Central Visayas

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Region VII
Central Visayas
Region
Map of the Philippines showing the location of Region VII
Map of the Philippines showing the location of Region VII
Country Philippines
Island group Visayas
Regional center Cebu City
Area
 • Total 15,875 km2 (6,129 sq mi)
Population (2010)[1]
 • Total 6,800,180
 • Density 430/km2 (1,100/sq mi)
Time zone PST (UTC+8)
ISO 3166 code PH-07
Provinces 4
Cities 16
Municipalities 116
Barangays 3,003
Cong. districts 15
Languages Cebuano (Boholano dialect), Porohanon, Hiligaynon, Tagalog, English, Spanish

Central Visayas (Filipino: Gitnang Kabisayaan) is a region of the Philippines, designated as Region VII. It is located in the central part of the Visayas island group, and consists of four provincesBohol, Cebu, Negros Oriental, and Siquijor— and the highly urbanized cities of Cebu City, Lapu-Lapu City, and Mandaue City. The region is dominated by the native speakers of Cebuano. Cebu City is its regional center.

The land area of the region is 15,875 km². As of the 2010 census, it has a population of 6,800,180 people, making it the 5th most populous of the country's 17 regions.[1]

History[edit]

Regions first came to existence in on September 24, 1972, when the provinces of the Philippines were organized into 11 regions by Presidential Decree No. 1 as part of the Integrated Reorganization Plan of President Ferdinand Marcos.

Since inception, the Central Visayas Region has remained unchanged in its boundaries.

Demographics[edit]

Population census of Central Visayas
Year Pop. ±%
1990 4,594,124 —    
2000 5,706,953 +24.2%
2010 6,800,180 +19.2%
Source: National Statistics Office[1]

As of the 2010 census, Central Visayas had a population of 6,800,180 people, making it the 5th most populous of the country's 17 regions. At the 2007 census, the population was 6,398,628 with a population density of 403.1 people per square kilometer (6,129.4/mi²). The 2007 census showed an average annual population growth rate of 1.59% from 2000 to 2007, significantly less than the national average of 2.04%.[2]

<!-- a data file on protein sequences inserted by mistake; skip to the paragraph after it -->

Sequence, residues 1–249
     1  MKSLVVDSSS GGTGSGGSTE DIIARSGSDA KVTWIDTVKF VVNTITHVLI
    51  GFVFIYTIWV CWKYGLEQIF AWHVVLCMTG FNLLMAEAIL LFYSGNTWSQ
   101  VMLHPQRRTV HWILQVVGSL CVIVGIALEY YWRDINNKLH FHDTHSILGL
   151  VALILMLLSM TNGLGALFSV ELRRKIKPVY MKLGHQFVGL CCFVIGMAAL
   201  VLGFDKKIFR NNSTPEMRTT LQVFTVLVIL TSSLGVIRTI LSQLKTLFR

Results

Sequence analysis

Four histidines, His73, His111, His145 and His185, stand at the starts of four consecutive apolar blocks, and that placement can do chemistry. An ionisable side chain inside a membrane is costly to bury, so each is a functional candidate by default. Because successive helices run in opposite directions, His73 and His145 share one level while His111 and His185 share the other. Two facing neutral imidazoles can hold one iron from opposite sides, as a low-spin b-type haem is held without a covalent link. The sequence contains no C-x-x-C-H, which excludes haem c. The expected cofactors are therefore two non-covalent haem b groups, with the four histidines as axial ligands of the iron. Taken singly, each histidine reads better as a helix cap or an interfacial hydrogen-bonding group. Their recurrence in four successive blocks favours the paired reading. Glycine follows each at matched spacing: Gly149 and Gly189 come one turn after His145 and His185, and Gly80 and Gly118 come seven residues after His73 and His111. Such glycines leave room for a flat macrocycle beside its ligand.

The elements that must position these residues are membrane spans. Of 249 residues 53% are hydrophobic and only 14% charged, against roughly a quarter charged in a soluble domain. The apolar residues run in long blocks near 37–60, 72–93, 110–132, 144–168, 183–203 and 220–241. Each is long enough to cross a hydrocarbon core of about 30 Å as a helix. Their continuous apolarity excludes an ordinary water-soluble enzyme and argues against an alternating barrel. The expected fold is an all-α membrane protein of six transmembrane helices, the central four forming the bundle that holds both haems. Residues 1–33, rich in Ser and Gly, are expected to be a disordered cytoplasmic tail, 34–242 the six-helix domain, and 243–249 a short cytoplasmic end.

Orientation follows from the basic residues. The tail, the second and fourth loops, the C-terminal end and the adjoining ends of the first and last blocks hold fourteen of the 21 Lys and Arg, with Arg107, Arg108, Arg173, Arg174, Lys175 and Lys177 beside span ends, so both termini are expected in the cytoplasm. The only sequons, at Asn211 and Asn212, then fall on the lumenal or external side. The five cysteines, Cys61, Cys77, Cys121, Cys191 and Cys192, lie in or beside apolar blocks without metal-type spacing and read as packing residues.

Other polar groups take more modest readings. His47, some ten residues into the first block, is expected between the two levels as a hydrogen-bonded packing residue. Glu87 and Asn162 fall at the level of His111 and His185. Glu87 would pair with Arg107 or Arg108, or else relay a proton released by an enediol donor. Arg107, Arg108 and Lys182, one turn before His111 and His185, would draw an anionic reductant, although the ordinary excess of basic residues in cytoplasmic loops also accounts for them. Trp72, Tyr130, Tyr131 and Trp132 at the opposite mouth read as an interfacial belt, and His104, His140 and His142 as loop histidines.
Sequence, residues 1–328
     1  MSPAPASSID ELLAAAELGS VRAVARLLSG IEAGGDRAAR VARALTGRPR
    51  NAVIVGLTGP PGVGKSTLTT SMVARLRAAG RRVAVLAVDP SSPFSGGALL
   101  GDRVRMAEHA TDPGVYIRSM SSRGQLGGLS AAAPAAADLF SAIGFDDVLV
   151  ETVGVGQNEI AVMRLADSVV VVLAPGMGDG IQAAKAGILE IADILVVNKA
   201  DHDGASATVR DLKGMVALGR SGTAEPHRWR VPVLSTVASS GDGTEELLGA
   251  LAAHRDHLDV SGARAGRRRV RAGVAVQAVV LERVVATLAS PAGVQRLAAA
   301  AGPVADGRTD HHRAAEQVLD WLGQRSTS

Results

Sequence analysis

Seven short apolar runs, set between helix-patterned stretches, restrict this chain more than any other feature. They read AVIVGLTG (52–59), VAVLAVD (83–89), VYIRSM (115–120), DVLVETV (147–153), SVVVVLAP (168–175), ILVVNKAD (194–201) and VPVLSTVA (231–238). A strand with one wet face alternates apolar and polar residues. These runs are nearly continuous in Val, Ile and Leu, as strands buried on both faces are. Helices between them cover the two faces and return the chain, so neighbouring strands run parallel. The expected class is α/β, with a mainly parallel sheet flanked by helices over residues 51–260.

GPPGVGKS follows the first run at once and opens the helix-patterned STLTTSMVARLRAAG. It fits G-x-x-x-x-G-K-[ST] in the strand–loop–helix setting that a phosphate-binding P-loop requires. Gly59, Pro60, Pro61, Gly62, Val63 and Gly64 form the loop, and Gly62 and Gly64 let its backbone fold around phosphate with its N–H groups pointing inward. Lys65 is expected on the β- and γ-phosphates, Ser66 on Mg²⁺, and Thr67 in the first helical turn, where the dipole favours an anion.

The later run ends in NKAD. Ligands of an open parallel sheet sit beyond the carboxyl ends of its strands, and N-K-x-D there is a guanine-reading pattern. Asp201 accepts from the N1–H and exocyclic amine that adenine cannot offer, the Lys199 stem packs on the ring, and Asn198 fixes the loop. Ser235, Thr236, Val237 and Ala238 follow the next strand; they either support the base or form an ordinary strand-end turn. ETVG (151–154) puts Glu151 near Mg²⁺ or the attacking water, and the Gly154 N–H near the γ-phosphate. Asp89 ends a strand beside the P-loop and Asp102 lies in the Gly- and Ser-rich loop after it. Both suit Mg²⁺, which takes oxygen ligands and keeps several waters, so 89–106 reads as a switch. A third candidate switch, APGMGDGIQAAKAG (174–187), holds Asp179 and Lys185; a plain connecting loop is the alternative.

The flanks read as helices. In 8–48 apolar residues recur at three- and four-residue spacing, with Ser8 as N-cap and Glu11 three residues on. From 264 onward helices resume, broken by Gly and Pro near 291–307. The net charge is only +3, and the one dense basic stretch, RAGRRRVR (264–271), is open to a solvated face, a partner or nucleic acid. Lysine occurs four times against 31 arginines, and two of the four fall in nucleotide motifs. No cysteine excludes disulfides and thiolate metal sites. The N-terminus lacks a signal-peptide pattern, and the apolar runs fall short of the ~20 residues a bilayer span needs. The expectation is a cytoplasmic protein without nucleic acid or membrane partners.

Cebuano is the dominant language of the region. Boholano is a dialectal variant of Cebuano spoken in Bohol. In the Camotes Islands, which is part of Cebu, Cebuano language is spoken in the towns of Tudela, Pilar and San Francisco. Except the town of Poro, in which, Porohanon is spoken (a variation or mixture of Cebuano, Hiligaynon (Ilonggo) and Masbateño language, with 87% Cebuano vocabulary). Tagalog, English and Spanish are also spoken in this region.

Political divisions[edit]

The Central Visayas region is composed of 4 provinces and 3 independent cities:

Political map of Central Visayas

Provinces[edit]

Province Capital No. of
Cities
Population
(May 2010)[1]
Area
(km²)
Pop. density
(per km²)
Bohol Tagbilaran 1 1,255,128 4,117.3 304.8
Cebu Cebu City 9 2,619,362 4,800.11 545.7 -
Negros Oriental Dumaguete 6 1,286,666 5,402.3 238.2
Siquijor Siquijor 0 91,066 343.5 265.1

Cities[edit]

City Province City Class Income Class Population
(May 2010)[1]
Area
(km²)
Pop. density
(per km²)
Mayor
Cebu CityA Cebu Highly Urbanized Special Class 866,171 315.00 2,749.75 Michael L. Rama
Lapu-LapuA Cebu Highly Urbanized 1st Class 350,467 58.10 6,032.13 Paz C. Radaza
MandaueA Cebu Highly Urbanized 1st Class 331,320 25.18 13,158.06 Jonas C. Cortes

AAlthough Cebu City, Mandaue City and Lapu-Lapu City are often grouped under the province of Cebu for statistical purposes by the National Statistics Office, as highly urbanized cities, they are administratively independent from the province.